Root Canal Treatment
The aim of root canal treatment is to save a tooth that has been badly damaged due to decay, disease or injury.
In a healthy tooth, the pulp is the soft tissue inside a tooth. The pulp contains nerves, blood vessels and connective tissue. It exists in a canal that extends from the tooth crown to the tip of each root. The pulp is important for normal growth, development and health of the tooth.
Infection or inflammation
Infection and Inflammation of the pulp can be caused by a breakdown of an extensively filled tooth, a deep decayed cavity, trauma, gum disease, a crack or chip in the tooth and by extreme wear.
Symptoms of an inflamed or infected pulp may include pain, sensitivity to heat or cold, tooth discolouration and swelling or soreness in the gums surrounding the tooth.
Saving the tooth
To save the tooth root canal treatment is needed when the pulp becomes severely inflamed or infected. This should be started as soon as possible to improve the chances of success in eliminating pain and infection. A fully developed tooth can function normally without a pulp if root canal treatment has been successful. However, if the pulp is not treated quickly, severe pain and abscesses can occur. If an abscess (infection at end of the roots) is left untreated, an infection can damage the bone surrounding the root. Then if the tooth does not have endodontic treatment, it will have to be removed.
Treatment will be fully explained (please view below video as an example of treatment).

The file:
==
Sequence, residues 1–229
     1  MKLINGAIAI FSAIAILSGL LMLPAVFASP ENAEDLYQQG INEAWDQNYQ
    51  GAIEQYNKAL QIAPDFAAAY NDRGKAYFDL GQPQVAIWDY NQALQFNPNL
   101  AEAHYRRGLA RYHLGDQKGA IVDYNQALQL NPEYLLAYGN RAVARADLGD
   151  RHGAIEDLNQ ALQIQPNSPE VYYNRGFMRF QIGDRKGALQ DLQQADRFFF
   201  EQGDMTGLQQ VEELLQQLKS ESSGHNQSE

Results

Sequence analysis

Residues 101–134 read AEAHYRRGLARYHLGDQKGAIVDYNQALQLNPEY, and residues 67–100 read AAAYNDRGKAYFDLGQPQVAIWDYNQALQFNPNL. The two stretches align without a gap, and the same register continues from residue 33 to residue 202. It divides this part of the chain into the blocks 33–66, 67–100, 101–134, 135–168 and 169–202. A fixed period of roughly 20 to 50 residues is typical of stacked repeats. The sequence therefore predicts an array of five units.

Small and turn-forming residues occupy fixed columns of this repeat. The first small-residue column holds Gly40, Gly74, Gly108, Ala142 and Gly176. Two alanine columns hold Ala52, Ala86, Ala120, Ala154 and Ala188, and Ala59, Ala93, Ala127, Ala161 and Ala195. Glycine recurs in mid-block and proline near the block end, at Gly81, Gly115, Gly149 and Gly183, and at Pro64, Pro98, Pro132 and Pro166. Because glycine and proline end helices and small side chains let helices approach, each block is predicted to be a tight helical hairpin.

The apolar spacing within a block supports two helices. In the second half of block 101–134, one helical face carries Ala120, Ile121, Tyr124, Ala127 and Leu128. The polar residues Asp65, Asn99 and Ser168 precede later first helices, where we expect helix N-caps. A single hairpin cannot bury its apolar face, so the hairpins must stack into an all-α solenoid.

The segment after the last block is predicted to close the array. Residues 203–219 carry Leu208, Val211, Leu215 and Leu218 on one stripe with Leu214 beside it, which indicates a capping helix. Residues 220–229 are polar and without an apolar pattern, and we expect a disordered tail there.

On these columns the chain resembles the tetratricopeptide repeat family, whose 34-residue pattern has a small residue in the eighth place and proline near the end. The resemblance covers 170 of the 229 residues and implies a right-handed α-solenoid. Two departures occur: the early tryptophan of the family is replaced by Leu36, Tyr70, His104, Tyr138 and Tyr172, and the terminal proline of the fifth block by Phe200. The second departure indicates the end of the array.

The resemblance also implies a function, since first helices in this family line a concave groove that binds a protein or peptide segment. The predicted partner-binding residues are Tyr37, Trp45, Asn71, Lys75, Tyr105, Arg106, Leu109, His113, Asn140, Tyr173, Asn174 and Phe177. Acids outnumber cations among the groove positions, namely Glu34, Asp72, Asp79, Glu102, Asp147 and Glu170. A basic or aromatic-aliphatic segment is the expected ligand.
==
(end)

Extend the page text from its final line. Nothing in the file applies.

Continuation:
Initial treatment involved includes:
- Examination of the tooth and an X-ray is taken
- Local anaesthesia and use of rubber dam to isolate the tooth
- To reach the pulp, an opening through the tooth is made with a dental drill
- Each root canal is cleaned, enlarged and shaped with manual and rotary files
- Further X-rays are usually required
anti-inflammatory and antibacterial medicines may be put inside the root canal to help stop the inflammation and infection. If a severe abscess has formed at the root tip, oral antibiotics may be needed to treat the infection. Pain is relieved by taking ibuprofen and paracetamol.
Final treatment involves sealing the canals with Gutta Percha (please view below video as an example).
As the jaw bone surrounding the treated tooth takes time to heal completely, follow-up visits may be needed to confirm satisfactory healing. After the pulp has been removed, the tooth is not “dead”. The tooth can survive without the pulp because it is nourished mostly by tissues around it.
Fitting an artificial CROWN, as an endodontically treated tooth may have a higher risk of a fracture without the protection of an artificial crown, one should be fitted soon after treatment. The crown is made of porcelain and is needed to:
- Protect, strengthen and further seal the tooth
- Restore normal function and occlusion
- Restore an acceptable cosmetic appearance
Possible complications of root canal treatment will be explained and include loss of tooth, infection, discolouration, pain or discomfort, weakness, non-healing and re-treatment.